Authorities in the Lao capital of Vientiane are holding a young villager detained three months ago during a land dispute in Saysettha district’s Xiengda village, depriving him of adequate food and forbidding family members from seeing him, Lao sources say.
The young man, named Poy, was taken into custody with another villager, a young woman named Keo, on March 16 after a video showing them arguing with police over the confiscation of their land to build a medical college and hospital was published on Facebook, sources told RFA in an earlier report.
Keo, who was “re-educated” by police while in custody, was later released after her family accepted compensation for their property loss and she promised to abandon her protest, sources said.
Poy meanwhile remains in detention, has been denied family visits, and is not being properly fed. And though family members bring food to his jail every day to be given to him, some of it may not have been delivered, a villager with connections to officials at the jail told RFA’s Lao Service at the weekend.
“Poy has been held in jail for almost three months now, and officials are still not allowing his family to see him,” RFA’s source said, speaking on condition of anonymity.
“He wants his family to bring him more food, since he can’t fill his stomach with what he’s given and never gets enough to eat,” he said.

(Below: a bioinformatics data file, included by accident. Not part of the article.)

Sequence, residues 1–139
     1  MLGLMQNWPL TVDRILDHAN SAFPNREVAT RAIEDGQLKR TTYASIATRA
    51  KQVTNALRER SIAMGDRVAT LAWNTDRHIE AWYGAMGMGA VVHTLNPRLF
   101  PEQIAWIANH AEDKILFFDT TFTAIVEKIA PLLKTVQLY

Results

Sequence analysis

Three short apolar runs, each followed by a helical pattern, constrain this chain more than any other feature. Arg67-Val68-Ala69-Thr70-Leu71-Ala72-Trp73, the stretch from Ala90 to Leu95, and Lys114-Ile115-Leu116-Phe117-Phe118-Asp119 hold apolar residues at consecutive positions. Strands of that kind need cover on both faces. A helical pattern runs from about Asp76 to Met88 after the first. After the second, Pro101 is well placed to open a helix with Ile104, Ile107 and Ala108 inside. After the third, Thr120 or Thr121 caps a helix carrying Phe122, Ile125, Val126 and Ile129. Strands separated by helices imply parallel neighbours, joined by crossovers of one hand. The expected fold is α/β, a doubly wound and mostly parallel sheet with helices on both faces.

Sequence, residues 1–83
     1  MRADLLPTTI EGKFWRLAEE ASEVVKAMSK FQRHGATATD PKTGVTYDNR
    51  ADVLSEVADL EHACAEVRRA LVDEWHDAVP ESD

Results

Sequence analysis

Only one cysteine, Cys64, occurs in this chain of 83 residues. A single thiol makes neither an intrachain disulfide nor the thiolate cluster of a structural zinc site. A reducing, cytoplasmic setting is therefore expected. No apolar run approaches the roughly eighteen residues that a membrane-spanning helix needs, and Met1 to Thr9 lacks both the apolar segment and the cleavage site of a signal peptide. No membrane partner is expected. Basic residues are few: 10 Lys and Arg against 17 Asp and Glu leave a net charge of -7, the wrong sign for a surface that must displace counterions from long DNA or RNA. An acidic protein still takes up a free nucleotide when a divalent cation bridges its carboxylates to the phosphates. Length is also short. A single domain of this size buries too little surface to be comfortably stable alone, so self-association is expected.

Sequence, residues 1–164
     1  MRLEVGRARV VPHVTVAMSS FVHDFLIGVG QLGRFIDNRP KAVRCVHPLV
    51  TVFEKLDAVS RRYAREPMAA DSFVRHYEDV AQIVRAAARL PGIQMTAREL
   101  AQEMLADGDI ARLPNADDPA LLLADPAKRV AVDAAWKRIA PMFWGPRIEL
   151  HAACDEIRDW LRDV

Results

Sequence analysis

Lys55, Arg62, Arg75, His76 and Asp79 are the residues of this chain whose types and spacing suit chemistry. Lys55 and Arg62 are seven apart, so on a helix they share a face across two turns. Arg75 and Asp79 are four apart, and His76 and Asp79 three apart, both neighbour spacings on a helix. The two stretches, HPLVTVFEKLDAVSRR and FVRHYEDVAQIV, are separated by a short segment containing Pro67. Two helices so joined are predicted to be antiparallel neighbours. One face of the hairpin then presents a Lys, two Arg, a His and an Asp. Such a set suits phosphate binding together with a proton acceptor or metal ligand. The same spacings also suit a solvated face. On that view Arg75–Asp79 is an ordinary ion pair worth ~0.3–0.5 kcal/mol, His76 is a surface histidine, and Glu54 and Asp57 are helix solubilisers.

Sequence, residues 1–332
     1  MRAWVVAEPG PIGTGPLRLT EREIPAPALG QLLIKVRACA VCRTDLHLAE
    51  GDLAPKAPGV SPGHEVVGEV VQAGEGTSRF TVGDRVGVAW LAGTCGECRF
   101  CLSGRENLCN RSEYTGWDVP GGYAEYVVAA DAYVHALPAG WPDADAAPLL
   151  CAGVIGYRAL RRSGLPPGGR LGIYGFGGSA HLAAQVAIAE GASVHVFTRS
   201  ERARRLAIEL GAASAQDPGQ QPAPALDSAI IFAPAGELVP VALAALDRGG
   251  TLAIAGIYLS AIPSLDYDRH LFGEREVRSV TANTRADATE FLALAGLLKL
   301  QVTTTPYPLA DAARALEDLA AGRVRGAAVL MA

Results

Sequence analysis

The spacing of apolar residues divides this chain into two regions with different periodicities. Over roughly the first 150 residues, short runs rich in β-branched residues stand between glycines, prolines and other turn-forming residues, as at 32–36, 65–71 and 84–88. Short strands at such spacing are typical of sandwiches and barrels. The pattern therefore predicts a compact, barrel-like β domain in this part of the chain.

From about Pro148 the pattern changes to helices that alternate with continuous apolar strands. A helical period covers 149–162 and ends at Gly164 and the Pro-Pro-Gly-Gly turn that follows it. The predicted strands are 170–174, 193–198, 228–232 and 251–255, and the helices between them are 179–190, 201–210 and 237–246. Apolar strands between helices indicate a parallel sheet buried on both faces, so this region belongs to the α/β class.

Family members have still not been told what Poy will be charged with or when he will be taken to court, the source said.
Reached by RFA, an official at the office of the prosecutor holding jurisdiction declined to comment on Poy’s case, saying that he has not yet received any relevant documents from the police.
A Lao expert on civil law said however that in cases of cases of minor crimes, police investigators will usually send reports to prosecutors within two months of a suspect’s arrest, but will take even more time than this if further evidence is required.
Turned away, sent home
On June 10, ten families representing Xiengda villagers who have refused offers of compensation for their land traveled to the capital to petition the prime minister for help, but were turned away by authorities who told them to go home and stop making trouble, sources said.
The confiscated land has now been cleared for development, and the Xiengda villagers dispossessed in March now have no land left on which to grow rice and vegetables to support their families, sources say.
A key source of local social tension in Laos is the widespread practice of land grabs in which authorities seize land from people for development projects without paying them fair compensation for lost crops, property, and livelihoods.
Rights groups say the illegal appropriations violate basic human rights and that such land grabs are a major cause of social tensions in Laos and in neighboring countries in Southeast Asia.
Reported by RFA’s Lao Service. Translated by Sidney Khotpanya. Written in English by Richard Finney.